In addition, this increase in corticotropin will act on the immune system, specifically on macrophages, and stimulate the production of proinflammatory cytokines. Patients with MDD have higher levels of proinflammatory cytokines than the general population, and more receptors in the cerebrospinal fluid [146]. Other studies related to the presence of leptin in patients with MDD indicate that the hormone may have antidepressant effects. However, when there is a deregulation of this adipokine, its effects are nullified or diminished by the action of a proinflammatory diet and the presence of hyperleptinemia [147].
Metabolic syndrome in mental patients has also been associated with the effect of an increase in ROS, very small molecules with high reactivity that can modulate proinflammatory genes, which are related to oxidative stress [148]. The effect of reactive oxygen species is associated with lesions in pancreatic cells and the reduction of enzymes with an antioxidant effect. Therefore, alterations in these cells facilitate a decrease in insulin secretion [149]. All these elements that have been observed in patients with mental illness should be considered as mechanisms that are established in the pathophysiology of these individuals and that have a direct impact on the maintenance of the psychopathology presented. Endocrine action must be combined with the psychological and psychiatric perspective for the patient’s recovery since the repercussions of metabolic activity are directly related to neuronal activity and its connections with the different organs. 

8. Adipokines and Eating Behaviors

In recent years, the relevant role of the impact of some biological factors that are involved in eating behaviors and in the disorders that are triggered due to the application of these behaviors has been considered. In addition to genetics and other vulnerability elements such as gender and age, the study of cytokines and their alterations has been related to the presence of certain eating disorders [142]. One of the most important effects of adipokines is to maintain metabolic homeostasis through sensitization or resistance to insulin. Therefore, they all have a similar effect to insulin, reducing blood glucose levels [150].
Interleukin 15 (IL-15) is a cytokine that has a structure similar to IL-2 and is linked by a complex system composed of the beta chain of the CD122 receptor and the gamma-C chain. This cytokine is secreted by nuclear phagocytes and modulates the activity of T cells and NK cells, which attack viruses present in the body [151]. VCAM-1 is expressed by the arterial endothelium, which is a monolayer that separates blood from tissues and regulates systemic flow by modifications in vascular tone [152]. VCAM-1 is involved in the attraction of cells whose function is atherosclerotic. High values of these cytokines are associated with patients diagnosed with anorexia and other eating disorders [153].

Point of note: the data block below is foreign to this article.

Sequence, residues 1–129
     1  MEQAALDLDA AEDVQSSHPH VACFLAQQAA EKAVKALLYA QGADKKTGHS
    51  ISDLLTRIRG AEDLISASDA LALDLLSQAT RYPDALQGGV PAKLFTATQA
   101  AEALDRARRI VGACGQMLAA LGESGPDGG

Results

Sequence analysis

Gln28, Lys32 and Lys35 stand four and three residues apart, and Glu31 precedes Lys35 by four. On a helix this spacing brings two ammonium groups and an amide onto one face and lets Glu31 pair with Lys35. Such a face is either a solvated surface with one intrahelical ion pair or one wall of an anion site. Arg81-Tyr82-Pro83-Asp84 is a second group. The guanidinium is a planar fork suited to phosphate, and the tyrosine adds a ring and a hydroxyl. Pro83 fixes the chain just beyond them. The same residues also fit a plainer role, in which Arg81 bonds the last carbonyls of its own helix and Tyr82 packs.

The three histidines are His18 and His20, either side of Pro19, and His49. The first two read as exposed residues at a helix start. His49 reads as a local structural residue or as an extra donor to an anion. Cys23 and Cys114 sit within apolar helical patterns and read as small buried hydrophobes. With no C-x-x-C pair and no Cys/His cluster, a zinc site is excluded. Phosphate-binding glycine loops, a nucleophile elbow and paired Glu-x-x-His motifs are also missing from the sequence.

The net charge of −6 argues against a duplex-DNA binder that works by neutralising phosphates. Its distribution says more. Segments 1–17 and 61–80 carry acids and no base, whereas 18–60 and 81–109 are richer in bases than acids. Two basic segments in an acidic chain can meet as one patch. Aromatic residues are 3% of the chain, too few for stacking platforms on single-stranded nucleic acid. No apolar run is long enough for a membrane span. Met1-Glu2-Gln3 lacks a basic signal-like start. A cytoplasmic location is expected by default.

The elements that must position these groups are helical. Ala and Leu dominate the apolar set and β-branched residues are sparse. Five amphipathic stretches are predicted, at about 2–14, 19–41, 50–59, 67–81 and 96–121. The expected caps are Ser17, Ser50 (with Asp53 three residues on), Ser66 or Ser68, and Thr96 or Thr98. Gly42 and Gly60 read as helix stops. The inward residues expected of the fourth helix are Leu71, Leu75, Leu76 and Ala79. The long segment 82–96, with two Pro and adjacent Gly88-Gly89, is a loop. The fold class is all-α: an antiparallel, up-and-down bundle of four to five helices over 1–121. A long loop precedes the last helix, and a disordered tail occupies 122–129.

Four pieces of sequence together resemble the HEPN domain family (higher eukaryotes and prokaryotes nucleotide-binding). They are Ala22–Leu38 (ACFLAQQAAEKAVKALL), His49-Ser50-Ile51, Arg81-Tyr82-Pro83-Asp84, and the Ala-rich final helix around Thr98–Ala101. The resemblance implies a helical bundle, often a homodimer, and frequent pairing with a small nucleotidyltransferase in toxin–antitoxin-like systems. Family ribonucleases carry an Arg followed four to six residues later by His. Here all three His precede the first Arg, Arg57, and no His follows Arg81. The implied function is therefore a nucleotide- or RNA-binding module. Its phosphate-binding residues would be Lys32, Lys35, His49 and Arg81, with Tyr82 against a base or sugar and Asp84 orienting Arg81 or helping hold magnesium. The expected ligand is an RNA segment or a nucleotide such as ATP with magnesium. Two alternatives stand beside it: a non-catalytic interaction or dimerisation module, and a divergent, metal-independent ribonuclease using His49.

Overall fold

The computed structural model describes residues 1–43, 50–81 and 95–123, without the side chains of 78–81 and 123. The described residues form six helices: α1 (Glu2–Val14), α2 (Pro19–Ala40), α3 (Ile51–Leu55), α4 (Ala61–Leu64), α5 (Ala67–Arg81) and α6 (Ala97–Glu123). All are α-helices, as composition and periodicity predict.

Interleukin 6 (IL-6) is a cytokine that plays an essential role in the immune system and has several functions [154]. It is involved in the intervention against infections, but it also has a fundamental role in the activation of fever and in the production of proteins in different organs such as the liver. They also modulate immune function and coagulation. Among others, they regulate TH17 and regulatory T lymphocytes and regulate the organic inflammatory response. Alterations in this cytokine are associated with autoimmune and inflammatory diseases. The appearance of elevated IL-6 levels can be observed in patients with eating disorders due to their inflammatory impact on the body [155].
The same occurs with TNF-α, tumor necrosis factor, and C-reactive protein, which have been extensively studied in recent years and the results in animals have shown that subclinical proinflammatory action and their relationship with the action of the immune system can lead to pathologies associated with obesity and metabolic alterations, and with insulin sensitization [156]. In people with obesity, the reduction of TNF-α accounts for a reduction in adipose tissue. This cellular dysfunction mediated by cytokines and proinflammatory mediators explains the eating habits of people who eventually suffer from an eating disorder [157].
The functioning of these adipokines, together with the action of environmental factors and other cognitive or psychological factors such as the presence of stress, favor the deterioration of the organism and the inflammation of the different organs [158]. Adipose tissue is formed by the presence of an increase in cytokines, especially white adipose tissue, and is regulated by different proteins that are involved in the regulation of blood pressure, coagulation, or vascularization [159].
BAT is related to temperature regulation and white adipose tissue to cytokine secretion and fat storage [160]. Both tissues are very heterogeneous in their functions, though their dysregulation is associated with inappropriate eating behaviors, obesity, and diseases associated with a chronic inflammatory response, which facilitates abnormal cytokine production and signaling activity in inflammatory response pathways.
At the base of the hypothalamus, where the integration of the signals that will transmit the adipokines takes place, is where we can see the damage that occurs [161]. When there are alterations in the paraventricular and ventromedial hypothalamic nuclei, this is when obesity and hyperphagia appear. On the other hand, damage in the lateral hypothalamus explains deregulated nutritional habits, anorexia, and general weight loss [162].